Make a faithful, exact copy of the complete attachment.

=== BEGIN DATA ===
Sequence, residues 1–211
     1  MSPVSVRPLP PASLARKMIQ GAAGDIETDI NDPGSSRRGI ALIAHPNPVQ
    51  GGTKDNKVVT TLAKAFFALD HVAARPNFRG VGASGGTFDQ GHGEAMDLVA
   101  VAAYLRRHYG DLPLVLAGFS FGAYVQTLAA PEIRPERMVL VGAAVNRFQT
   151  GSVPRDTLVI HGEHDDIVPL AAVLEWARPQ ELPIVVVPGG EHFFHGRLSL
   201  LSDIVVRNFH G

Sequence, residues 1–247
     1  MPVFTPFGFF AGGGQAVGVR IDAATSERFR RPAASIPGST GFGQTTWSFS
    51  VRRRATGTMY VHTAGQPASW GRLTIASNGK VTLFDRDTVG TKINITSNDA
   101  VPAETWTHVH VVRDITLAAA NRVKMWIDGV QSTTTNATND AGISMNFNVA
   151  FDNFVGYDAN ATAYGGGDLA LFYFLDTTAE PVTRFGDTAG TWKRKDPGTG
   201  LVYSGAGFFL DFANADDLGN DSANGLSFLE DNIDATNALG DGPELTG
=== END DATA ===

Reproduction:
Sequence, residues 1–211
     1  MSPVSVRPLP PASLARKMIQ GAAGDIETDI NDPGSSRRGI ALIAHPNPVQ
    51  GGTKDNKVVT TLAKAFFALD HVAARPNFRG VGASGGTFDQ GHGEAMDLVA
   101  VAAYLRRHYG DLPLVLAGFS FGAYVQTLAA PEIRPERMVL VGAAVNRFQT
   151  GSVPRDTLVI HGEHDDIVPL AAVLEWARPQ ELPIVVVPGG EHFFHGRLSL
   201  LSDIVVRNFH G

Sequence, residues 1–247
     1  MPVFTPFGFF AGGGQAVGVR IDAATSERFR RPAASIPGST GFGQTTWSFS
    51  VRRRATGTMY VHTAGQPASW GRLTIASNGK VTLFDRDTVG TKINITSNDA
   101  VPAETWTHVH VVRDITLAAA NRVKMWIDGV QSTTTNATND AGISMNFNVA
   151  FDNFVGYDAN ATAYGGGDLA LFYFLDTTAE PVTRFGDTAG TWKRKDPGTG
   201  LVYSGAGFFL DFANADDLGN DSANGLSFLE DNIDATNALG DGPELTG